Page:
The Casey Anthony trial is over, and some ridiculous claims are being made by Rush Limbaugh that liberals who support abortion shouldn’t care when a child (an already-born-living-breathing-child) is murdered. This is tantamount to claiming either of these two things (or both): 1) we’re cool with straight-up murder, and/or 2) we don’t like babies. I think it should go without saying that most people, regardless of politics, aren’t all “yeah, murder? that’s fine by me.” And second, Mr. Limbaugh, who the hell are you to tell me that I don’t like kids, much less adorable babies?I understand that there are conservatives out there that equate abortion with murder, and y’all know I wouldn’t be writing for the Abortion Gang if I thought that too, so before I get the inevitable “Abortion IS murder” comments, let’s just, for the sake of argument, agree to disagree on this one and move on. We have already tried to explain the difference here at AG, so if you’re still reading, I’m not reiterating for you. Just check out any number of our other posts here, here, or here.

Ultimately, my point is, I have had an abortion, and I DO like kids. I don’t see any incongruities there. We’ve quoted the stats a million times: most women who have abortions already have children; over 1/3 of the population in America will utilize abortion services in their lifetimes; etc. etc. etc. Why is this concept so difficult for conservatives to understand? I don’t have to hate children to want or need an abortion, and if I utilize abortion services I don’t have to dislike children. And I certainly don’t have to condone the murder of a toddler. Thanks for giving me “my” opinion, but no thanks.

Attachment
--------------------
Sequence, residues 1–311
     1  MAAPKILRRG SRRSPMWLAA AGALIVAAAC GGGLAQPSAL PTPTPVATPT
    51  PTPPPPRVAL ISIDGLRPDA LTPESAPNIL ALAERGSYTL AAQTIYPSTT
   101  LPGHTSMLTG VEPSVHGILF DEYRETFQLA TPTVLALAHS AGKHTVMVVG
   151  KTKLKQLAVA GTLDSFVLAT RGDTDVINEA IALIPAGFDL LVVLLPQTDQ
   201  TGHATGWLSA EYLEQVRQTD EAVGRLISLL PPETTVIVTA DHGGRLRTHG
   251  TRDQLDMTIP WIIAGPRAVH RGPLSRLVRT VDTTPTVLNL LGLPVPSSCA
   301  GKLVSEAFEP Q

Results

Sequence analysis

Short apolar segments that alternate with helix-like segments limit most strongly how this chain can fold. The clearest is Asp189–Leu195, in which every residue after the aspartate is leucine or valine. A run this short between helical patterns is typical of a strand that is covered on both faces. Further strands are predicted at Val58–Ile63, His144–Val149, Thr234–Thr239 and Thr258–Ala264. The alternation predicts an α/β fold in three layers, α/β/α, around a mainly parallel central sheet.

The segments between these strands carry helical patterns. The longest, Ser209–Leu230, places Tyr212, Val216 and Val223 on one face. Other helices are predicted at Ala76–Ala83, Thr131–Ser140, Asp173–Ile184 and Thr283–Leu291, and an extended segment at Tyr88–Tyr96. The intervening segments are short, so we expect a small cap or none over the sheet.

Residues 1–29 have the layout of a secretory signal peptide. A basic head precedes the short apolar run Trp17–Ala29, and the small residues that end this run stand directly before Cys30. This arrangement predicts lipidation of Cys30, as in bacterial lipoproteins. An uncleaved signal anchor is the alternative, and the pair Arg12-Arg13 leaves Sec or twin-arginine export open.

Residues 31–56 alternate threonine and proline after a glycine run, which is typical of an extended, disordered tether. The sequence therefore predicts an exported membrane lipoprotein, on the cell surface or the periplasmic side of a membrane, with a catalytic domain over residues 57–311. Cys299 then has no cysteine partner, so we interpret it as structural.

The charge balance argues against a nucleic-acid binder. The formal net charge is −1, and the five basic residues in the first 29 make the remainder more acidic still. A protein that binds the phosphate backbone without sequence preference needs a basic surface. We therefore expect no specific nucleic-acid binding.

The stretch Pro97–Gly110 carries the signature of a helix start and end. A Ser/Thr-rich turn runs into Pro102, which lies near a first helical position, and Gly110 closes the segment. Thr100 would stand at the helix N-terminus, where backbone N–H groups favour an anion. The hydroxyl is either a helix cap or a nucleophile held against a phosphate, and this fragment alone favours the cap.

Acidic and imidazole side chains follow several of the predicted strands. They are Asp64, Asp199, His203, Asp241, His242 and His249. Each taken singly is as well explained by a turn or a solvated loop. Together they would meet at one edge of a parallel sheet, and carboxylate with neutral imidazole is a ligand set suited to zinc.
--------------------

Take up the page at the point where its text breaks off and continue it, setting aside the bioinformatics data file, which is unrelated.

Kids are awesome, when you’re ready for them. I feel like I will be a better mother because I will have children when I am ready to be a mom. I truly think that having had my abortion has made me a kinder, more understanding, less judgmental person. And I will be a better mom for it… eventually.Right now, I’m just psyched that my best friend is having a baby that I get to play with, cuddle and love, and then give back when she gets fussy. That’s one of the joys of not having kids yet, and waiting until you’re ready (no matter how you get there).